Clark International Airport Corporation (CIAC) manages the airport under the jurisdiction of Clark Development Corporation, which works with Bases Conversion and Development Authority (BCDA) on the development of the New Clark City. Critics think that the numerous levels of red tape and bureaucracy will hinder business aviation’s push for development within Clark itself.


Another option for business and general aviation is Subic Bay International Airport, another 80 km (50 miles) farther from Manila than Clark. Subic Bay Metropolitan Authority (SBMA) chairperson and administrator Wilma T. Eisma aims to transform the airport into a thriving GA/BA complex.

“My vision is to make Subic Bay International Airport a business aviation airport,” she said, adding that she also sees it as a home for general aviation, MRO, and charter operators. “We can get spillover from neighboring airports like Clark, but I would rather court GA/BA heavily and have a niche for them to attract tourists with curated experiences,” she said.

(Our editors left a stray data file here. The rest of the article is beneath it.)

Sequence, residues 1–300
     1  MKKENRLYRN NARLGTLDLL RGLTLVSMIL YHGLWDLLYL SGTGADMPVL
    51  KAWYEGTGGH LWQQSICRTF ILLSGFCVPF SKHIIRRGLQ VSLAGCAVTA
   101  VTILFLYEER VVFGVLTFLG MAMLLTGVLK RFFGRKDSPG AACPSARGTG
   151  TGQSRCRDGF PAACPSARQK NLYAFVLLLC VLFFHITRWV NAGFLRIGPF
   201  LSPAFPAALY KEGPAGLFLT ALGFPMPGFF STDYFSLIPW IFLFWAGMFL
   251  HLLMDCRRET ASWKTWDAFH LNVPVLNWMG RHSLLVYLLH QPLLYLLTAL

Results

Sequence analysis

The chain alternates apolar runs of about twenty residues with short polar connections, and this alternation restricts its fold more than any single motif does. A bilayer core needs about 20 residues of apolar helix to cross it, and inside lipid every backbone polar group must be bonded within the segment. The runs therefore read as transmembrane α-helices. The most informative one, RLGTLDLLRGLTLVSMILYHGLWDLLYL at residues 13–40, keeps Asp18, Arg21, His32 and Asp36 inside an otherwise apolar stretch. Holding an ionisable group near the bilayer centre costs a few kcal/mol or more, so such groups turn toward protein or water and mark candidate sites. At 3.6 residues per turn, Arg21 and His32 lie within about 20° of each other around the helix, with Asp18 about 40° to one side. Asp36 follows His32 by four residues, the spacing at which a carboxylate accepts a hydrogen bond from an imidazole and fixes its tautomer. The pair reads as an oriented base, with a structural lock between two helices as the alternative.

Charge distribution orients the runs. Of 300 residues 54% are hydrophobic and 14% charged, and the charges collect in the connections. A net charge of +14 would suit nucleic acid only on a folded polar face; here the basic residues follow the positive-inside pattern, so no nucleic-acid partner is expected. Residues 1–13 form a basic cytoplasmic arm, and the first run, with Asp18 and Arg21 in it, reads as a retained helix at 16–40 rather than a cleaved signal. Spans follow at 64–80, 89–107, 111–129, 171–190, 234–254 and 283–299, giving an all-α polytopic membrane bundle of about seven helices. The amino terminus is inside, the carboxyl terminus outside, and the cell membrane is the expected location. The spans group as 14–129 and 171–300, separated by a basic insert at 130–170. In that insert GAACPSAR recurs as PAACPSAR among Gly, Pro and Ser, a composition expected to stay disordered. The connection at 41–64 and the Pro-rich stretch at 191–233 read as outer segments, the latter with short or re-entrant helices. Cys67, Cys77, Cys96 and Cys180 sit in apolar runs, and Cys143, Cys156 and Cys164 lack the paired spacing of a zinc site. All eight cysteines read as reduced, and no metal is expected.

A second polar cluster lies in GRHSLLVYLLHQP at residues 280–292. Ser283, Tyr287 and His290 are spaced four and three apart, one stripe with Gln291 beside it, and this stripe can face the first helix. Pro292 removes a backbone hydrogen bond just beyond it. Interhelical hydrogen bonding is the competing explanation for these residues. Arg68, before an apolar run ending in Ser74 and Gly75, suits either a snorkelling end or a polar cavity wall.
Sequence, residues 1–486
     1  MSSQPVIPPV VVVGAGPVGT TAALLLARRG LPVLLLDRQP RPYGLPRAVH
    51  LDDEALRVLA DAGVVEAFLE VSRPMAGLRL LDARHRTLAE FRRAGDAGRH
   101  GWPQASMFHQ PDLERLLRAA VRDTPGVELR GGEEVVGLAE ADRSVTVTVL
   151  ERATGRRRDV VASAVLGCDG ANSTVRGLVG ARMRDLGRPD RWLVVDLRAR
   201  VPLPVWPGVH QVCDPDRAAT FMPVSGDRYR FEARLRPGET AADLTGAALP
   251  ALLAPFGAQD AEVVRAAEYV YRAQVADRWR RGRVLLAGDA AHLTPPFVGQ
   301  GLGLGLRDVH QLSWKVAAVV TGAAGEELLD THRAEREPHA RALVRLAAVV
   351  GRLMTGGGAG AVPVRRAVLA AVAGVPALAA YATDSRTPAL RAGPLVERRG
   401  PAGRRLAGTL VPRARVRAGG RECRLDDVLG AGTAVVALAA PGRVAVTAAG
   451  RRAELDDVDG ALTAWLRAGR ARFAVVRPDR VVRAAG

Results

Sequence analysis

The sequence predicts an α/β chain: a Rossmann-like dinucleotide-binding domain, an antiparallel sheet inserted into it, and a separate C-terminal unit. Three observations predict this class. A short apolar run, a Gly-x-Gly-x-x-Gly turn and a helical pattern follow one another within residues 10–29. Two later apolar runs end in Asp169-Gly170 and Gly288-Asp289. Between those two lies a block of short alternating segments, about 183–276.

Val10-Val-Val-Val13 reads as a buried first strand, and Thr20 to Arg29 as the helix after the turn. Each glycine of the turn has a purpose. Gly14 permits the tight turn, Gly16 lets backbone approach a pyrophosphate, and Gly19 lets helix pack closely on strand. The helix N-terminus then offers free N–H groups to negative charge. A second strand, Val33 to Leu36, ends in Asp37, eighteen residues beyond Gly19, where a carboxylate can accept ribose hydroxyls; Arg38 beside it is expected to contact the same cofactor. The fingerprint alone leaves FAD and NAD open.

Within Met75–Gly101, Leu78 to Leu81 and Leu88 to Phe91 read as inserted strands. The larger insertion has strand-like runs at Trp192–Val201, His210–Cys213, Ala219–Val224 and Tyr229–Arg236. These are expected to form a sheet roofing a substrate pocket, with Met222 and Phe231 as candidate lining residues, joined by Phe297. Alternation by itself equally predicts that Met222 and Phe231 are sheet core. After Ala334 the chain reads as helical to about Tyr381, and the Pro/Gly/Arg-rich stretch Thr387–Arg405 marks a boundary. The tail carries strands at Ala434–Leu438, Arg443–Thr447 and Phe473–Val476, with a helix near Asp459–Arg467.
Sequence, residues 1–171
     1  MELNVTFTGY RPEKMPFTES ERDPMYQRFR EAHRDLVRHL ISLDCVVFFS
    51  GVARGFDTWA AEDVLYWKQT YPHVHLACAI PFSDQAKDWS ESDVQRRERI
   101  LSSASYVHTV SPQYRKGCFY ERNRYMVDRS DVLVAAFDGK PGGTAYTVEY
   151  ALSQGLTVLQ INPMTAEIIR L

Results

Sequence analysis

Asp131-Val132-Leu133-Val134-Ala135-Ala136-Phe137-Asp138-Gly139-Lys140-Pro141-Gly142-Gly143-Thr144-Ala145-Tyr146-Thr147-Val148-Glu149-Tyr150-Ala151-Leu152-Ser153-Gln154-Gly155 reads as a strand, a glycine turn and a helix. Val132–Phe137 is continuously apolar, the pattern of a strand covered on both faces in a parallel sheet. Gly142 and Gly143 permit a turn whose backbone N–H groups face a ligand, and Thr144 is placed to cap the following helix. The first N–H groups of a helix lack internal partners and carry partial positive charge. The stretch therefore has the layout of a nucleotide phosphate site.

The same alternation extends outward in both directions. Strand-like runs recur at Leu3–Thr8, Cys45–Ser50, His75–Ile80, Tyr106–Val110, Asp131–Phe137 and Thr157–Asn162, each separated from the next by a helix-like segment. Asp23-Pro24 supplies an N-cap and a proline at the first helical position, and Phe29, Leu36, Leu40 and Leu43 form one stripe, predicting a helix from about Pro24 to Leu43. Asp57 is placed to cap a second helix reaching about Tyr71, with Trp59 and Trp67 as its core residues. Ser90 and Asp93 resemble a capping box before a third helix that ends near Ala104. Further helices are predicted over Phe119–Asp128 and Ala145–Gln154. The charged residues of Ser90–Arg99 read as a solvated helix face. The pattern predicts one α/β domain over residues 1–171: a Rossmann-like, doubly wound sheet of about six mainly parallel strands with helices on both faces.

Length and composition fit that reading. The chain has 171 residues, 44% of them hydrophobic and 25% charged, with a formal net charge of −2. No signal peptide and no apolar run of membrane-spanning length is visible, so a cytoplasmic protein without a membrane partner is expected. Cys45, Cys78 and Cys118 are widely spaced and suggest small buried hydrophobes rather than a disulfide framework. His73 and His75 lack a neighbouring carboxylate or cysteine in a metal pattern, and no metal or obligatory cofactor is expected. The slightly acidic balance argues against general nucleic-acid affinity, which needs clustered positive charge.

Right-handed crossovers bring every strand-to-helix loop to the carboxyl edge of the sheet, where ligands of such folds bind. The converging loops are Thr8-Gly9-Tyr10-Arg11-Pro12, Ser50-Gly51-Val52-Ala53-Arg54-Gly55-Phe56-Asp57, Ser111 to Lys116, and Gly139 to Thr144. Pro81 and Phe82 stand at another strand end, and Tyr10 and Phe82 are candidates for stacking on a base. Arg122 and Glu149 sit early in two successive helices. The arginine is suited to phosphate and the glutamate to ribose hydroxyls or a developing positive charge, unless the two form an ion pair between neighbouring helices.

Subic is set to become a thriving tourism and gaming destination, as Eisma told AIN that a Korean conglomerate will be opening an integrated resort, and Royal Caribbean Cruises’ Ovation of the Seas will make Subic Bay her port of call starting in June this year.

SBMA has also commenced studies with U.S. Trade Development Agency to privatize the airport within five years, before the end of the Duterte administration’s term.

Eisma added that the SBMA now has approximately 900 million pesos (US$17.6 million) reserved for the improvement work of Subic Airport, such as the installation of an ILS and AWOS for day, night, and instrument flying operations.